You can use or call standard lisp functions from the scripts that are fed into core console. Unfortunately, ActiveX is not supported through the console, so if you have existing lisp routines that you want to run on a batch of drawings, they will need to be modified to work without the use of ActiveX before calling them through Core Console.

Below is a simple script that you can use to get started. Used in conjunction with the Lisp example above, it will plot all of the drawings in a user defined file path. After you become familiar with the command line switches, as well as what commands/Lisp functions can be executed through core console, it really becomes a matter of writing regular scripts (.scr files). (Click on image to download SCR):

In the attached video I am plotting 20 .dwgs. Pretty cool huh? What’s better is that if I was plotting, oh let’s say 100 .dwgs, the current instance of AutoCAD that the lisp was initiated from will be available after all of the Consoles have been started, not completed.

Hopefully this post has given enough information to allow you to start experimenting with the AutoCAD Core Console and the time saving batch possibilities that it supports. Please leave a comment below with feedback or questions. For more information, here are a few links to several excellent posts on the subject:

Through the Interface: “The AutoCAD 2013 Core Console”

Through the Interface: “Commands that ‘work’ in AutoCAD Core Console 2013”

AutoCAD Tips: “Up and Running with the 2013 Core Console”

10 thoughts on “Son of a Batch! AutoCAD Core Console Through Lisp

  1. Hi Skylar. I am really impressed with your blog and especially this post.
    Thank you for sharing your knowledge with us CAD Nerds. I also really like the “Son of a Batch” utility.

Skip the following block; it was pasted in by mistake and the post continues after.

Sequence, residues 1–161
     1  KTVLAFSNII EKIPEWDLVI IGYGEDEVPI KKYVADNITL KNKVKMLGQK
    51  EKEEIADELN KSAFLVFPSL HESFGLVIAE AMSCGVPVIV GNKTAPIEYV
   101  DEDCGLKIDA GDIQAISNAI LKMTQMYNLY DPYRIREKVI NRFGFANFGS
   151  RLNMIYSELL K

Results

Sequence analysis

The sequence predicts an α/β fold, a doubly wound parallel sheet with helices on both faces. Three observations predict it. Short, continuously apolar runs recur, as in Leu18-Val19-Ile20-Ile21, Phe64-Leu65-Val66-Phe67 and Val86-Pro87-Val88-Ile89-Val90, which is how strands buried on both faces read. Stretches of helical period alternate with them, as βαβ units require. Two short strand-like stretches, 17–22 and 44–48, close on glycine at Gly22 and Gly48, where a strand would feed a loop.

Keep up the great work


  2. Hello,

    Thank you for posting this information, I found it very helpful. Is there a way to call custom LISP or .NET commands? I tried loading them (load “CustomCommandName”) and running them (command “CustomCommandName”) in the script file but no luck. The command is not recognized in the console.


  3. Skylar,

    Thanks for this post i love using Autolisp and i have been looking for something to do batch operations like this.
    I think i might have some kind of configuration issue because when i test the lisp i can get accoreconsole to open
    but beyond that all i can get it to do is open a new file from Qnew template file path regardless of the arguments placed. And the arguments seem to be case sensitive, when I use lowercase /i for the file path argument core console flashes open and then closes with no effect on the specified file. When i use /I it creates a new file from Qnew. Also when i use lower case /i it generates an temp file

    Temp file called accc34642 which reads m_kernelList still has 1 entry

    I was wondering if any of this sounds familiar to you?
    I would appreciate any help you could provide on this.


    1. Wade,

      Thank you for reading the post and thank you for your reply. Without actually looking at your lisp, it sounds like there may be a problem with one of the arguments, not just the command line switches themselves. Could you post the exact statement that you using?

      Thank you,


      1. Skylar,

        Thanks for the quick reply
        When i the lisp i was trying the first time didnt work i started making a bunch of little changes one at a time but when i saw your reply i retried your original lisp and it worked 🙂
        But i found the problem was that the file name i was trying to access has Spaces and Underscores
        So now for the code
        (defun C:DoCore ()
        (command “start” (strcat “accoreconsole.exe ”
        “/i C:\\Users\\wwessels\\Documents\\TEST\\Test.dwg ”
        “/s C:\\Users\\wwessels\\Documents\\TEST\\Plot2PDF.scr ”
        ” /1 en-us”)))
        Works Great
        The following fails

        (defun C:DoCore ()
        (command “start” (strcat “accoreconsole.exe ”